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Contingency Management for the Treatment of Substance Use Disorders: Enhancing Access, Quality, and Program Integrity for an Evidence-Based Intervention

Publication Date
U.S Department of Health and Human Services

Contingency management (CM) is an evidence-based psychosocial therapy for the treatment of stimulant use disorder, as well as a variety of other substance use disorders (SUDs), that is supported by three decades of research. Despite CM’s great potential and demonstrated effectiveness in improving the health and well-being of many people with SUDs, this proven treatment remains underutilized. Expanding access to high-quality CM services for the treatment of SUDs represents an important opportunity to accelerate efforts to address the overdose crisis, as well as the other substantial public health harms and costs related to untreated SUDs. In recognition of this opportunity, and to guide efforts by federal, state, local governments and other stakeholders, Section 4127 of the Consolidated Appropriations Act, 2023 (42 U.S.C. § 1320a-7d(a)(3)(B)), included a requirement for the Secretary of Health and Human Services and the Inspector General to “submit to Congress recommendations... for improving access to evidence-based contingency management interventions while ensuring quality of care, ensuring fidelity to evidence-based practices, and including strong program integrity safeguards that prevent increased waste, fraud, and abuse and prevent medically unnecessary or inappropriate items or services reimbursed in whole or in part by a federal health care program.” To respond to this provision, the HHS Workgroup on Implementation Strategies for Contingency Management has prepared this Report to Congress, which discusses opportunities and considerations for entities overseeing CM implementation, including regulators at the federal, state, Tribal, local and territorial levels; funders (e.g., grant making agencies, insurance companies); health care organizations; and health care providers.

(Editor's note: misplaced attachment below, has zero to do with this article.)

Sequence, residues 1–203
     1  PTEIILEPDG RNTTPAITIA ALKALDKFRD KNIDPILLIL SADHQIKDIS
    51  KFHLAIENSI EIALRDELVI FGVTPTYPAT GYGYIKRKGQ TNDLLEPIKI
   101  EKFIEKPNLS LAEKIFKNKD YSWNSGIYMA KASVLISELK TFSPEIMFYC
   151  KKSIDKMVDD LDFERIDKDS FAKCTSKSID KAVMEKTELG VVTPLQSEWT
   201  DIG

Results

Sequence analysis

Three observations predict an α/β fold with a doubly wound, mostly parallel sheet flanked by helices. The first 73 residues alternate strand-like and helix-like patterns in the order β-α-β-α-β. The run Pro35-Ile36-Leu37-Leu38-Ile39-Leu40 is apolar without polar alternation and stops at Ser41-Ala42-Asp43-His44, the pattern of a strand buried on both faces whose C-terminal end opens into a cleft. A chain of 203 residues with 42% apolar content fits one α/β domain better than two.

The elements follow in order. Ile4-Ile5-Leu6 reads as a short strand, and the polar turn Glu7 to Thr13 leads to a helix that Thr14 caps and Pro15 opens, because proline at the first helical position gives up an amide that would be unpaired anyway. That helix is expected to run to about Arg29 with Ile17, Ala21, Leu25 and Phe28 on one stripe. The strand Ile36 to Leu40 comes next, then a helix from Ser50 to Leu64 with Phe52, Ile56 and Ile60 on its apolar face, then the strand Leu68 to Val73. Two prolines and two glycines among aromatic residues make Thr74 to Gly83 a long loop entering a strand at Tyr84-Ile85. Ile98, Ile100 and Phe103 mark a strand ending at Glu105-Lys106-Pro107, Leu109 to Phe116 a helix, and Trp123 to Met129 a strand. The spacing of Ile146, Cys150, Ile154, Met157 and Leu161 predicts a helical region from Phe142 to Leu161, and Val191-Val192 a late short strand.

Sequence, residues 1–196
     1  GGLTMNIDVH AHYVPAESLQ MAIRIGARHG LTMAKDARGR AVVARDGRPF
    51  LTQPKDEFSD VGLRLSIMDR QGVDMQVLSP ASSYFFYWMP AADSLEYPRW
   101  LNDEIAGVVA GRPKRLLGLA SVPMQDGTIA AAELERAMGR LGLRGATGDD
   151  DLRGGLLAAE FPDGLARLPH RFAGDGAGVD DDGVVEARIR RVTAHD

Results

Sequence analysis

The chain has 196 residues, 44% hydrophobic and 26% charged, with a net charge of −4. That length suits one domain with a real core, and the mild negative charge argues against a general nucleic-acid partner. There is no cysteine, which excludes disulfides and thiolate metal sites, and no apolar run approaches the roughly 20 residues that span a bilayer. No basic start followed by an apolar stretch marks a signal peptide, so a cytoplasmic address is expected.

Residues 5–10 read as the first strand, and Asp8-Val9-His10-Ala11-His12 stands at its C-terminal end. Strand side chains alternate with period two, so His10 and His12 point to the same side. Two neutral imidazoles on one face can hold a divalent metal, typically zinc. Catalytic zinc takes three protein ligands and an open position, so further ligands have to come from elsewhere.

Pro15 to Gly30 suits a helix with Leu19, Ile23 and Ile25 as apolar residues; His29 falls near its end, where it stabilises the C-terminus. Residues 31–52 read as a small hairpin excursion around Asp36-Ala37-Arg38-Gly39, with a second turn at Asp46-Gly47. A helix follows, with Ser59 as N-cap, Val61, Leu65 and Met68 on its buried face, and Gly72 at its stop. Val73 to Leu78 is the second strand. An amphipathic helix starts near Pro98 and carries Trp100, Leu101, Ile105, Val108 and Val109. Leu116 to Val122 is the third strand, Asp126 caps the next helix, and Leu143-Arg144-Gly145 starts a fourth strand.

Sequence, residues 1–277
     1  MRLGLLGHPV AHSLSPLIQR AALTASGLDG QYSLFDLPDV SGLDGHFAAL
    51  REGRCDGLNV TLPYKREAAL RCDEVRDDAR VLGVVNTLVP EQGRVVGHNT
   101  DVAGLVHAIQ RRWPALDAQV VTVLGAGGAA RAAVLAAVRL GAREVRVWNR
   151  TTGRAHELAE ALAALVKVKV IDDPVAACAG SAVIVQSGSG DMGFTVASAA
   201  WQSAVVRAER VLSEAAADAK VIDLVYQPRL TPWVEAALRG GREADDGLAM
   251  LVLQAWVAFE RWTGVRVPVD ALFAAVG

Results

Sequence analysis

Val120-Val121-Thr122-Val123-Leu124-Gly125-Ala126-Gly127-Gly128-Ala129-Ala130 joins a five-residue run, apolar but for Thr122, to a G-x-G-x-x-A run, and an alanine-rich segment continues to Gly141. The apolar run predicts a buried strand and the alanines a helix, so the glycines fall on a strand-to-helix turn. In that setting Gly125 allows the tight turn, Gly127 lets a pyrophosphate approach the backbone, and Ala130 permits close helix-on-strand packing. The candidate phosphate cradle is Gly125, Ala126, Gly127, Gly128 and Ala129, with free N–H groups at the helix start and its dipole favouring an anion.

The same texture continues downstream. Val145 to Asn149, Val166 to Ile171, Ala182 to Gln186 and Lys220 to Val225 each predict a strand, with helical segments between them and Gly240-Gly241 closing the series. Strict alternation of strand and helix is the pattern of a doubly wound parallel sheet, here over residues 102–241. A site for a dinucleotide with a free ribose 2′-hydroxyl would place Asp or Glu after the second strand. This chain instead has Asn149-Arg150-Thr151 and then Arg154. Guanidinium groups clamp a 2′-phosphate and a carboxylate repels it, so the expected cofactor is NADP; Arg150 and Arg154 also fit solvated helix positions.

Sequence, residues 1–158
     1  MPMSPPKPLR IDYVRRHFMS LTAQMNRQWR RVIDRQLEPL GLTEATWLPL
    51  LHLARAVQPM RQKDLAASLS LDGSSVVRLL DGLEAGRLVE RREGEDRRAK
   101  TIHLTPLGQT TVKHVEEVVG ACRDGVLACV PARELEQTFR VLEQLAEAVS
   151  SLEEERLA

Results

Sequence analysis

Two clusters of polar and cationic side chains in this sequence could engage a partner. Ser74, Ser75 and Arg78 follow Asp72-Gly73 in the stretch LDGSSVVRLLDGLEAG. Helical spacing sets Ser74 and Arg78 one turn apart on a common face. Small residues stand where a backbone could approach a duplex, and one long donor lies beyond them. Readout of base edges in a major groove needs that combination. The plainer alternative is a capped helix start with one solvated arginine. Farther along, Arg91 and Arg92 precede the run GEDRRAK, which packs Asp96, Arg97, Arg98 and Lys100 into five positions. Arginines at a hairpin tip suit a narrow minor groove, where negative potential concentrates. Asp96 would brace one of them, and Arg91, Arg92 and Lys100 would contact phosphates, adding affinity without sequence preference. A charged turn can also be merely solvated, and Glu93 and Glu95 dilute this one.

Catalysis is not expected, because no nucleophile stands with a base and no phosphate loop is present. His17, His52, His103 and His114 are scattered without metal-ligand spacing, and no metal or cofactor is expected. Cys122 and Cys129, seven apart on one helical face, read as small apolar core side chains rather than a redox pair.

This report is the result of collaboration between several HHS agencies and was prepared by the HHS/ASPE Office of Behavioral Health, Disability, and Aging Policy (BHDAP). Additional research in this area is available at the ASPE Behavioral Health page and ASPE Public Health page.

*This content is in the process of Section 508 review. If you need immediate assistance accessing this content, please submit a request to Brenda Veazey, Content will be updated pending the outcome of the Section 508 review.

Available Reports: